DETROIT, OCT. 11 -- The Detroit Tigers made enough mistakes and failed to convert in enough situations for an entire team to share tonight, but Darrell Evans was cast as the biggest horn-wearer of the evening.

Evans was picked off third base in the sixth inning of the Minnesota Twins' 5-3 victory, and made two fielding errors at an unlikely spot -- third base. Although the Tigers left nine men on base, Evans' base-running mistake came at the worst possible time.

The Tigers, now down by 3-1 in this best-of-seven series, are one loss away from one of the most surprising American League Championship Series defeats since the format began in 1969. Detroit had the best record in the majors this season, and to say it was favored over the Twins is an understatement.

"They're playing very good," Tigers Manager Sparky Anderson said of the Twins, who won only their 30th game of the season on the road. "Let's give them the credit,"

Although the Twins got homers from Greg Gagne and Kirby Puckett, and excellent relief performances from Juan Berenguer and Jeff Reardon, they got a lot of help from the Tigers.

In the bottom of the sixth, with the Twins up, 4-2, Detroit knocked out starter Frank Viola on a single by Chet Lemon and a looping single to right by Evans. After Dave Bergman's pinch single scored Lemon, making it 4-3, Mike Heath sacrificed Evans to third.

Lou Whitaker then came to bat. After the first pitch -- a low forkball from reliever Keith Atherton -- Minnesota catcher Tim Laudner threw to third, catching Evans off the bag by five feet. Gary Gaetti's tag easily retired Evans, who no doubt would have scored on a subsequent wild pitch by Atherton.

"It was down," Evans said. "It was down in the dirt. I just got too far off. I was just trying to be aggressive. I don't know if it was a set play or a pitchout or something. The reason I got that far off was that {Minnesota first baseman Kent} Hrbek was playing back."

"Gary {Gaetti} and I have a predetermined signal," Laudner said. "If he feels he can get him out, he puts it on. I just try to get a good pitch. You still have to throw a strike down there."

"I thought it was the turning point of the game," Tigers Manager Sparky Anderson said. "No question about it."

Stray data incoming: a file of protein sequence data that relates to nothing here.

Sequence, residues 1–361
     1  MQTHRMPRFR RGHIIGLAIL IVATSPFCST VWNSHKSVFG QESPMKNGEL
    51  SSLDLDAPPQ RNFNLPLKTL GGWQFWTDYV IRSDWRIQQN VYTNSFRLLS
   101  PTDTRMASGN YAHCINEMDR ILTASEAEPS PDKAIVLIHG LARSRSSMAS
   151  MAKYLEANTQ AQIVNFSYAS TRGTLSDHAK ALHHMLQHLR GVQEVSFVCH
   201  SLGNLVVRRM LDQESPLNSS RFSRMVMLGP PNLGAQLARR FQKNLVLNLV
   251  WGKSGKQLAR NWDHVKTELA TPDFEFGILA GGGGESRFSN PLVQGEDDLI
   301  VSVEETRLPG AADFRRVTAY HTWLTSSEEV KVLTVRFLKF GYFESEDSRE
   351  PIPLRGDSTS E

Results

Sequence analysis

But Evans' troubles were not over. With Bill Madlock, the Tigers' usual third baseman, out with a sore hand incurred in the slide that knocked Toronto shortstop Tony Fernandez out for the season, Anderson has been starting Tom Brookens at third. When he used Dave Bergman to pinch hit for Brookens in the sixth, he had no choice but to send Evans out to third for defense.

Evans has played third base only a few times this season and not since Sept. 20. In the eighth, Tim Laudner hit a grounder to Evans, whose throw pulled Bergman off first. Two batters later, Steve Lombardozzi's grounder, which Brookens probably would have scooped up easily, went by a lunging Evans to bring in a key insurance run.

In the ninth, Evans again drew Bergman off first with another throwing error, but by then the Twins were in control and got their ace reliever, Reardon, on in the ninth to retire the side.

Evans usually plays the role of comforter after player mistakes, shortstop Alan Trammell said. "He's outstanding," Trammell said. "Ever since he's been here, he's been the leader. He didn't lose anything. "We had an opportunity to score some runs."

The Tigers loaded the bases in the first against Viola, but could only manage a run. In the fifth, they loaded them again with two out but right fielder Larry Herndon lined out to Gaetti at third for the last out.

"I wouldn't dare say anything about the man," Kirk Gibson said. "The man's been an inspiration to me and a lot of younger men and older men. He's the most inspirational player I've ever played with . . . He's very professional and as honest as the day is long. I guess he's sort of my hero. I take offense to people who will pin that play on him. For all he's done for us, he doesn't deserve that."